The life cycle of dog lice is complex.

From the egg stage to the adult lice laying new eggs, the complete life cycle of a dog louse takes approximately 3 to 6 weeks to complete.

Egg Laying and Hatching

Female lice lay several eggs, also known as nits, on a daily basis throughout their lifespan of around 30 days. These eggs are firmly cemented to the dog's hair follicles near the skin's base. The eggs then hatch in 1 to 2 weeks, releasing the young lice.

Developmental Stages

After hatching, the young lice go through three distinct developmental phases before reaching adulthood. This process takes an additional 2 to 3 weeks

Adult Lice

The fully mature adult lice measure between 1 to 1.25 millimeters in length. They have a yellowish to tan coloration with distinct dark markings on their bodies.

Lice Symptoms

Lice cause discomfort to the infested dog. The first signs include scratching, rubbing and biting of infested areas. The dog's coat will appear dry, rough and dull. Nits or eggs are sometimes mistaken for dandruff, and appear like white specks of sand. Itching and severe irritation are other notable signs, which cause stress and discomfort. The hair shaft may appear matted in heavy infestation. Sucking lice also causes small wounds, which may get infected. Thus stress, discomfort and small wounds can trigger other underlying disorders, such as secondary microbial skin infections. Symptoms usually appear on the head and ears as well as the rear, shoulders and neck.

Close-up of Cat Lice and Nits on Cat Hair
Lice and Nits on Cat Hair
Source: Washington State University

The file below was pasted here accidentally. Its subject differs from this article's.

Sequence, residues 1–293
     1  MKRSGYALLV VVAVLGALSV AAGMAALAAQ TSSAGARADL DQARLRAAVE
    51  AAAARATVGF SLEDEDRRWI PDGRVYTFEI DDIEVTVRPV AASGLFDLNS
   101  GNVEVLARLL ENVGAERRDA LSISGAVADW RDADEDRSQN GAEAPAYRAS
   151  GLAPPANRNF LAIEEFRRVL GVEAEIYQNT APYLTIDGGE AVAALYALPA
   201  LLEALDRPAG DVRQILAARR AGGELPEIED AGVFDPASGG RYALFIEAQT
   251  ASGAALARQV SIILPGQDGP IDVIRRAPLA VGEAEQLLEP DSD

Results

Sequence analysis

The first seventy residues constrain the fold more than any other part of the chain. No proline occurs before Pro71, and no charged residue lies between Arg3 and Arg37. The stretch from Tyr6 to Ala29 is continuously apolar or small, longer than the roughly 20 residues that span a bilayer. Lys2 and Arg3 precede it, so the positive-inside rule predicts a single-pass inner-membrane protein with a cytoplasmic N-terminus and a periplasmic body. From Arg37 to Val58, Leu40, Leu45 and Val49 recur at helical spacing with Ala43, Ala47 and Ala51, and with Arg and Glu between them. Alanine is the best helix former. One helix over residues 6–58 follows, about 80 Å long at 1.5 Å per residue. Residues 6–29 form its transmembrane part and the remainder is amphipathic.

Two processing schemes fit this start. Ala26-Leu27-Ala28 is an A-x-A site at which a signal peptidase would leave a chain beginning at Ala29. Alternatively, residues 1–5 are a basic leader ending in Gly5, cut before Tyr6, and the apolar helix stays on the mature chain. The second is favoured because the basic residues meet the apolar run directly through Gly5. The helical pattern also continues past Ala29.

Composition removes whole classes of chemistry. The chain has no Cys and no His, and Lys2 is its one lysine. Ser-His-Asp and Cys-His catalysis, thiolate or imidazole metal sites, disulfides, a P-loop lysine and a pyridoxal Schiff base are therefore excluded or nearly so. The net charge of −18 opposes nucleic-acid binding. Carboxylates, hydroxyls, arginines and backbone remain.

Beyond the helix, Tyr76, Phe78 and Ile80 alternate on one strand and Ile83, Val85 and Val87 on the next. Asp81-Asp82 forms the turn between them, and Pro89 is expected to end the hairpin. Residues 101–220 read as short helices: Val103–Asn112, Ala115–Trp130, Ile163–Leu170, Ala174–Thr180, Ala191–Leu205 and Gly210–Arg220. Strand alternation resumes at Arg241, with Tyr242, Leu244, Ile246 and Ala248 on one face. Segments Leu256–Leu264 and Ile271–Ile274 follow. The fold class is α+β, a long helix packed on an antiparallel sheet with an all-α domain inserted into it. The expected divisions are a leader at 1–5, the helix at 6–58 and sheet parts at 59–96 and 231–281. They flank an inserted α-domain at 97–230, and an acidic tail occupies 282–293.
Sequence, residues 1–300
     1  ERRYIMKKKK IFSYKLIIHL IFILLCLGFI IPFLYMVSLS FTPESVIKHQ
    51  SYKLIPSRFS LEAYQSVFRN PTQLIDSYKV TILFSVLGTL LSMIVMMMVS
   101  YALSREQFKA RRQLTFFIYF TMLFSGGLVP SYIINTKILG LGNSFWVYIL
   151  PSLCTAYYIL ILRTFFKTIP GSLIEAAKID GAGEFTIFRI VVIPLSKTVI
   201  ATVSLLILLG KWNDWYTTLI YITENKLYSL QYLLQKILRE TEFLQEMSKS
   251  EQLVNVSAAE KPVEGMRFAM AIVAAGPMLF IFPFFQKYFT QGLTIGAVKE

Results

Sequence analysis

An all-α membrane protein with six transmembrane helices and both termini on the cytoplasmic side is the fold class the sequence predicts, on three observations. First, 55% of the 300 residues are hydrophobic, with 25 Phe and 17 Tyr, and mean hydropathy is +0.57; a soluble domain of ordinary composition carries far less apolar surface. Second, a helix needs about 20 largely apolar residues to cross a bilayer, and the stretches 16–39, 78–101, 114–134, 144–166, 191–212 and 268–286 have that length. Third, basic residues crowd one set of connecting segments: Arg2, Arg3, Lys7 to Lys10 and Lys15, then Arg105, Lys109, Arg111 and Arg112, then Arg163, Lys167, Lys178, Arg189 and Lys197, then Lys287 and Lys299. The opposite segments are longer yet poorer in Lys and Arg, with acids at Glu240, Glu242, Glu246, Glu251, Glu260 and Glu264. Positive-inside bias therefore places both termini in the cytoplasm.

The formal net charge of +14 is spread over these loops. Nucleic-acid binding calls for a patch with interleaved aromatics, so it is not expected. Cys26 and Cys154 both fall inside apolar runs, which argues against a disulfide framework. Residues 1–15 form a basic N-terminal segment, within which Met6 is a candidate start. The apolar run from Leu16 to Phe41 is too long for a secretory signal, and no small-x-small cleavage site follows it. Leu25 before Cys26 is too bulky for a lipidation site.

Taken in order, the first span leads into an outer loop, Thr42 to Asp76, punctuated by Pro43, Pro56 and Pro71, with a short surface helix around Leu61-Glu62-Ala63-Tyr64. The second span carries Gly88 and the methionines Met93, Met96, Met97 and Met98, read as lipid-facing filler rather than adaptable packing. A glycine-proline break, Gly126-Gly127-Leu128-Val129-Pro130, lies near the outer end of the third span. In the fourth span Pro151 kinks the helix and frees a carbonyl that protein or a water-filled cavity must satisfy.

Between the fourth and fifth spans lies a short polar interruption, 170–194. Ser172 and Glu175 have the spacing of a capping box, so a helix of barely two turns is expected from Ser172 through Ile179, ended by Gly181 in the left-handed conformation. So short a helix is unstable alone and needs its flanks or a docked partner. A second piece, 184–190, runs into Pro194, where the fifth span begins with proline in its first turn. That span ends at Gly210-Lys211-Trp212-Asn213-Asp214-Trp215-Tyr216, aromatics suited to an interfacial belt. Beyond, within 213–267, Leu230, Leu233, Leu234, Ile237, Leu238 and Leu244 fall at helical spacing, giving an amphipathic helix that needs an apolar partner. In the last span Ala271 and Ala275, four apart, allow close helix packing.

Blood sucking dog lice may cause anemia if they infest a dog in greater numbers; puppies are particularly more prone to anemia, since they have a less developed immune system and the skin is relatively immature. Clinically, a dog with a lice infestation appears stressed, dull and with severely dry and scruffy coat. Canine lice otherwise do not cause much damage to the health of your dog.


Diagnosis is purely based upon clinical examination, hygienic history, and examining the dog's hair for signs of lice infestation. Shaking the dog's hair can help distinguish lice from dandruff, a crucial step in accurate diagnosis. Adult lice can be isolated from the base of the dog hairs, while eggs are usually glued with the hairs, which is why the hair can feel greasy. In order to diagnose, the pattern is observed. For example, parting the hairs often reveals lice, where chewing lice appears active and blood-sucking lice usually moves slowly. If the veterinarian needs to confirm the type of dog lice, adult lice and/or eggs may be examined under microscope.

Treatment to Effectively Treat Lice in Dogs

Dog lice treatment or management of an infestation is usually done with the help of sprays, dips, bathes, and thorough cleaning of the skin. Using flea combs to remove live and dead lice from the dog's coat is an effective step in the treatment process. Therapeutic elimination is necessary for proper treatment and several anti-parasitic drugs can be used for this purpose. Dislodging with fine-toothed combs usually doesn’t help much, because it’s a tedious process and also it doesn’t kill lice that have hatched.

These therapeutic agents that treat lice, such as pyrethrins, permethrin, lindane, rotenone, methoxychlor, diazinon, malathion, or coumaphos are commercially available in different formulations such as sprays, lotions, dips, dust, and shampoos, with various therapeutic levels. Using flea shampoo in the treatment can help kill nymphs and adults, though it won't eradicate the eggs. Application of anti-parasitic/anti-lice preparation requires repeated doses in 10 – 14 days, because all canine lice nits are usually not killed in a single application.